OK, you didn’t have time to pack anything – now what?  If you really have to end up at the drive thru, then consider things like submarine sandwiches that can be oredered vegetarian (I’d skip the nitrate-laden luncheon meats here) and prepared on whole wheat and whole grain buns.  Opt for the milk over carbonated soft drinks, go for the apple slices, and if at all possible, get something from a local grocery store, which usually has healthier options like fruits, yogurt and granola and veggies – ready to go.  

And finally - having a small, lunch-sized cooler in the trunk or back seat provides for cool storage and easy access. And let them have a say – bring them shopping and teach them to choose healthier options.  Kids appreciate being involved in their own choices.   

It doesn’t really take much to make sure good food choices are readily available for your little superstar. Fuel them well, and watch them go!

Erin Bell

 
 
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It seems like every time I turn on the television or open a newspaper, I’m hearing about one more food that fights cancer. This is certainly good news, but sometimes it can become a little bit overwhelming. You get to the grocery store and think, “Let’s see, am I supposed to be eating artichokes or avocados to prevent cancer?”

In reality, there are probably some foods that are better than others at preventing cancer, but you can make sure that you are getting the good vitamins, minerals and enzymes your body needs to stay in tip-top shape by eating a variety of healthy foods, especially in the produce aisle.

When you’re scanning the produce section for the healthiest fare, just make sure to fill your cart with all the different colors found in nature so that your body is getting the greatest variety of nutrients.

If (like me) you want something a little more concrete to take to the store with you Lucy Burney, author of Superfoods for Healthy Kids, has compiled a comprehensive list of the best of the best when it comes to fighting cancer:


Alfalfa sprouts                 Chicory                                     Pumpkin Seeds
Almonds                         Evening Primrose Oil                   Quinoa
Apples                            Extra Virgin Olive Oil                  Salmon
Apricots                          Flaxseed and Flaxseed Oil          Sesame Seeds
Asparagus                       Garlic                                        Shitake Mushrooms
Beans                              Gingeroot                                  Soy Milk
Beansprouts                    Green Tea                                  Sunflower Seeds
Brazil Nuts                       Kale                                          Sweet Potatoes
Broccoli                           Lentils                                       Tofu
Brown Rice                      Lettuce                                     Tomatoes
Brussels Sprout                Mangoes                                   Turmeric
Carrots                            Peas                                          Pulses
Cauliflower           

Make sure to incorporate a healthy variety of fruits, vegetables, legumes and whole grains into your diet. If you’re relying on just one or two of these foods to meet your nutritional requirements, you’re probably going to fall short, so mix it up. Throw a new fruit into the basket or try a new recipe, even if you don’t think you’ll like it.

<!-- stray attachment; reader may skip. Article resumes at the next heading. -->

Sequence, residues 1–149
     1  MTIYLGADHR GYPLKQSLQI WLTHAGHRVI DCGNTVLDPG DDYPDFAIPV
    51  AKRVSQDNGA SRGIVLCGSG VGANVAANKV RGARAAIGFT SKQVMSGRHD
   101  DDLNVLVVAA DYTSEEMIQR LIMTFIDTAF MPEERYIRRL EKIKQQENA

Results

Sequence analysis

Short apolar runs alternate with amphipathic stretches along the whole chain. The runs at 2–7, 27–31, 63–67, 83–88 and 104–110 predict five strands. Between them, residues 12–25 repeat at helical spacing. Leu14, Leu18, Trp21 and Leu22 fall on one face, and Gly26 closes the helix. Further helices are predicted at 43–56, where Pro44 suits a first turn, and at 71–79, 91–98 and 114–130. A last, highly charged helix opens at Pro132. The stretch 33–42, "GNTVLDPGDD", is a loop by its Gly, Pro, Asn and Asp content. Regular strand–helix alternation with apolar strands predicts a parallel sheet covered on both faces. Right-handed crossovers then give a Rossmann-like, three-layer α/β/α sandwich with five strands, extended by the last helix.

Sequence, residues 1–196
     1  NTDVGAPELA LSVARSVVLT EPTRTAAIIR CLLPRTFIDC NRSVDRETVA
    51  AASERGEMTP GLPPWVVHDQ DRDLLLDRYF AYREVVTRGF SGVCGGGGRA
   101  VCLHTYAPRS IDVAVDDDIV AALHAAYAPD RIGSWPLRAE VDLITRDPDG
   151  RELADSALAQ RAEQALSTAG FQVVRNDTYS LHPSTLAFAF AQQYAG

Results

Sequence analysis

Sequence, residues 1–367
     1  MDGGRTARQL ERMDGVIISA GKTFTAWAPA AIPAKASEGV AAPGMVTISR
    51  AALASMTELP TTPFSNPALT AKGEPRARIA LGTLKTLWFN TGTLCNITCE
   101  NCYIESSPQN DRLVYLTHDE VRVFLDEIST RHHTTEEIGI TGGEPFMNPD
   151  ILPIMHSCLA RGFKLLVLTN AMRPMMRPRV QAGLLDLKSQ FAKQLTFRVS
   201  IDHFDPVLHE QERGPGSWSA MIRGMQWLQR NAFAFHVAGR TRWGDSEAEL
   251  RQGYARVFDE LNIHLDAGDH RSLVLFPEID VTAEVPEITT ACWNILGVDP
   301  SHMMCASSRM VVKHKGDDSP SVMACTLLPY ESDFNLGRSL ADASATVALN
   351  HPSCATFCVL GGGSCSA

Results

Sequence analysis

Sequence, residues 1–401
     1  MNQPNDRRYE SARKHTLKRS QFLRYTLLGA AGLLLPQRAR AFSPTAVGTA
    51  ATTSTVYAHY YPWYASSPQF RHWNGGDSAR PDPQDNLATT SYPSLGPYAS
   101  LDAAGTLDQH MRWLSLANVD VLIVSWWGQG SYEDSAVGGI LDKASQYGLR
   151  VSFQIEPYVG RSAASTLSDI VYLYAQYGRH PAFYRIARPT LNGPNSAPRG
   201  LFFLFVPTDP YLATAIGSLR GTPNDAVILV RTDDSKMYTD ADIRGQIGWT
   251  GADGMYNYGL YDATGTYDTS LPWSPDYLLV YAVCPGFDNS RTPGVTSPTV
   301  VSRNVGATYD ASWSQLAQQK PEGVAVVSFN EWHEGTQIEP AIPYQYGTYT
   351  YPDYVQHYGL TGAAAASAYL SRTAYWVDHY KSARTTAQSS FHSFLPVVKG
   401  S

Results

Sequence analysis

And remember, while you’re taking the time and energy to prevent yourself from getting cancer, think about what you’re feeding your kids, as well. In addition to being great for preventing cancer risk in adults, these foods are superstars when it comes to growing babies into healthy grown-ups!
 
 
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By now we all know the wonderful things about vegetables and how important it is for kids to get enough to meet their vitamin and mineral needs. Telling kids to eat their vegetables because they’re “good for you” doesn’t always swing their vote, and getting to to their greens can sometimes feel like pulling teeth.

Luckily, there are a few things you can do to help peak your child’s interest in vegetables. Here are some tricks and tips for getting your kids to go for the good stuff:

  1. Don’t use rewards. Telling your kids to finish their broccoli before they can have dessert sends the wrong message. By doing this, dessert becomes the holy grail and broccoli becomes the obstacle to getting there.
  2. Learn what your kids like. Some kids won’t eat boiled veggies because they’re too soft or mushy, but they like the crunch of quick-steamed or baked veggies. Cooking methods that don’t change the colour, texture or flavour of vegetables too much are often better accepted by kids. However, different kids like different textures. Knowing your own child’s preferences can go a long way in getting them to eat more.
  3. Make it fun! Studies have shown that making healthy foods more appealing to kids increases their intake of those foods. Using fun names like “white trees” for cauliflower makes it more fun to eat.
  4. Get kids involved. Let your kids decide which vegetables they want for dinner and even get them to help you prepare them. Kids who help make meals are more likely to want to eat them.  
  5. Offer veggies at all meals and snacks throughout the day. They may not eat a lot at one sitting, but even if they just nibble on a few veggies at each meal and snack it can add up to a few servings.
  6. Be patient. Continually offering foods over time will increase the likelihood your child will try that food. Patience is best, and remember, never for a child to eat any food.
  7. Eat your own veggies. Your kids are watching what you do more than they are listening to what you say. If you’re not eating your vegetables, don’t expect your kids to.
  8. Disguise your vegetables. If you’re still having a tough time, disguising veggies can be a useful trick to help increase the nutritional value of your child’s diet. Puree or finely chop vegetables and add them to everything from tomato sauces, homemade burgers, soups, and muffin batter. Or try adding finely chopped pickles, lettuce or tomato to sandwich spreads and they will likely go unnoticed.

Janine Bolton